Pork profits continue fueled by seasonal price surge.
Even high production costs due to higher-priced feed haven't stopped 2007 hog prices from returning a profit.
“In the first quarter of the year, live prices averaged $46.20/cwt., slightly under costs of production,” says Chris Hurt, a Purdue University Extension agricultural economist. “Since the end of March, hog prices have seen a strong seasonal surge, actually putting some green in bank accounts of hog producers.”
Hog prices dipped to $42/cwt. in late March, but have rallied as high as $54 in the past few weeks of May. Current costs of production are pegged at $47-49/cwt. for farrow-to-finish production, he says.
Hog prices have tracked somewhat higher than anticipated due to moderate supply growth and continued positive pork trade news. “For the first four months of this year, U.S. packing plants turned out 2.5% more pork, and live hog prices were almost 10% higher,” he says.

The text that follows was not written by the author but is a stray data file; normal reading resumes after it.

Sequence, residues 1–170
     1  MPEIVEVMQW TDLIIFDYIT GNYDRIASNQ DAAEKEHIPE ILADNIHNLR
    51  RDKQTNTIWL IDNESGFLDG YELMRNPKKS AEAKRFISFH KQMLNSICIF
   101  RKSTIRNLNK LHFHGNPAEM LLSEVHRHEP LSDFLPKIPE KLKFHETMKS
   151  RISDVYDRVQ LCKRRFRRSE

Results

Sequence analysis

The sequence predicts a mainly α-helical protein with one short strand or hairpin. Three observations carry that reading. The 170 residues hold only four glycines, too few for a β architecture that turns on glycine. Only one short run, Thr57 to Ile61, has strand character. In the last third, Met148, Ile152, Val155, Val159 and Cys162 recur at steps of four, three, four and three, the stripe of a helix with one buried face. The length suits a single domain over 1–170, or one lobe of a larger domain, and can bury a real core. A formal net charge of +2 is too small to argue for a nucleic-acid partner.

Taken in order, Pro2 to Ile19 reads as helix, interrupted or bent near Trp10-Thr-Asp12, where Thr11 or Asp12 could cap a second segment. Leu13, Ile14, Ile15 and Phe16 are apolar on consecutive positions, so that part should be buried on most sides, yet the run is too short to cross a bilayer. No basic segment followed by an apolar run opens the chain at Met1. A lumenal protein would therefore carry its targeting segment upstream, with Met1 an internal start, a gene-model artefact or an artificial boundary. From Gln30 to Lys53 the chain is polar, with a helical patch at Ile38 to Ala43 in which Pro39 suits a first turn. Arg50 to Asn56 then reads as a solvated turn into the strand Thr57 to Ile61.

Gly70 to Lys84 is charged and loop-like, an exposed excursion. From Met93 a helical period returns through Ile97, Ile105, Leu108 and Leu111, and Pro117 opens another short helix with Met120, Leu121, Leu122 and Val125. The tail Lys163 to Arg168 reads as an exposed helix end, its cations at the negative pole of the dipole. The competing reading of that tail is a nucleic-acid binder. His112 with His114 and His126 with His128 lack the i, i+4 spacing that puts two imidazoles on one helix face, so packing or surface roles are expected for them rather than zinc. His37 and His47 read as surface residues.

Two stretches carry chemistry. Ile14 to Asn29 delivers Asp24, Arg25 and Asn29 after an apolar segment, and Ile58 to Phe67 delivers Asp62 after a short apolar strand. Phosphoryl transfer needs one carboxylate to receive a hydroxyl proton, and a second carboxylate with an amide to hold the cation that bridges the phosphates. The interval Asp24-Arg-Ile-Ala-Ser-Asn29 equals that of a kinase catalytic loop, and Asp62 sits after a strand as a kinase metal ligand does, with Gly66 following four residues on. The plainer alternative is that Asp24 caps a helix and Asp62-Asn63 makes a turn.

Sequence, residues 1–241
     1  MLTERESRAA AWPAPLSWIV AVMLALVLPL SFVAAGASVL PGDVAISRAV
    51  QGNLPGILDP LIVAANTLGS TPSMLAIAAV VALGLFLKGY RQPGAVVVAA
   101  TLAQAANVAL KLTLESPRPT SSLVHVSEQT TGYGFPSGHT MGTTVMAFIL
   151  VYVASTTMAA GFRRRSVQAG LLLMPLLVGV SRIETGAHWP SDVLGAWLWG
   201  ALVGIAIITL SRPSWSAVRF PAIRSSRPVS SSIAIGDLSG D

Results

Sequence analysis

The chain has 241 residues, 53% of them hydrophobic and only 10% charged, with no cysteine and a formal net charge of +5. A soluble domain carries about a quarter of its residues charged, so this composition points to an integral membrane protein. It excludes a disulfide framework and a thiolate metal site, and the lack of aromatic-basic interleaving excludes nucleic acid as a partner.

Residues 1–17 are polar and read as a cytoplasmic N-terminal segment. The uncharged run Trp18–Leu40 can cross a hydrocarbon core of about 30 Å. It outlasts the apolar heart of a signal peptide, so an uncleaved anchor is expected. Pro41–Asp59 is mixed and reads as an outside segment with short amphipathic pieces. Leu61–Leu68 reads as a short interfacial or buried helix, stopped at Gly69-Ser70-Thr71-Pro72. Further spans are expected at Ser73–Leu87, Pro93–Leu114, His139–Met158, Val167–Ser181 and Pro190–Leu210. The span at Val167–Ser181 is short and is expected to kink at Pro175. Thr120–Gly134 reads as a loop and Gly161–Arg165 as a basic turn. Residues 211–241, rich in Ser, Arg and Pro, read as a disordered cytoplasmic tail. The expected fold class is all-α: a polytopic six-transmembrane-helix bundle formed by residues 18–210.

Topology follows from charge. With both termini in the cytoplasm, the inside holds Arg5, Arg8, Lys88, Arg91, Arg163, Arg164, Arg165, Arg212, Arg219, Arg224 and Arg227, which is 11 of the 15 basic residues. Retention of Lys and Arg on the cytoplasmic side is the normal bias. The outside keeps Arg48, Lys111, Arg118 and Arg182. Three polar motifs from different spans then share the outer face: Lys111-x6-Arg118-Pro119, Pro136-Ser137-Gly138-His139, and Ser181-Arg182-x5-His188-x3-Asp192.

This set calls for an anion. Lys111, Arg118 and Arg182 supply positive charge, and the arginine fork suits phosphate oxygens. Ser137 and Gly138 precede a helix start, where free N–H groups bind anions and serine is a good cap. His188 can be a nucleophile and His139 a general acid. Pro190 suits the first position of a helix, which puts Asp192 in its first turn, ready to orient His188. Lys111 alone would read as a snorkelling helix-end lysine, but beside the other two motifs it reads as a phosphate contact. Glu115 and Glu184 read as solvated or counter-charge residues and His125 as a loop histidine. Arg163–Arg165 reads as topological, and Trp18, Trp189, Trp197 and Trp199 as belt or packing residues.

Pork exports climbed about 3%, but more importantly, pork imports were down about 8%, resulting in a “net” 10% increase in pork trade, he explains.
Pork supplies rose slightly domestically, but when adjusted for population growth in the United States, available pork per person actually declined. A smaller supply per person should mean higher pork prices, Hurt says.
“The second factor stimulating hog prices was a narrow retail price margin. Generally speaking, when packer or retail margins are smaller, the producer tends to get more of the consumer pork dollars, and that has been the case so far this year,” he observes.
Consumers have paid $.03/retail pound more for pork, and retail margins have been $.05/retail pound less, translating into higher hog prices for producers. “In fact, prices so far this year have averaged $46.60/cwt., compared to $42.70 during the same period last year. That's almost $4 more and a welcome outcome in this period of higher costs,” Hurt notes.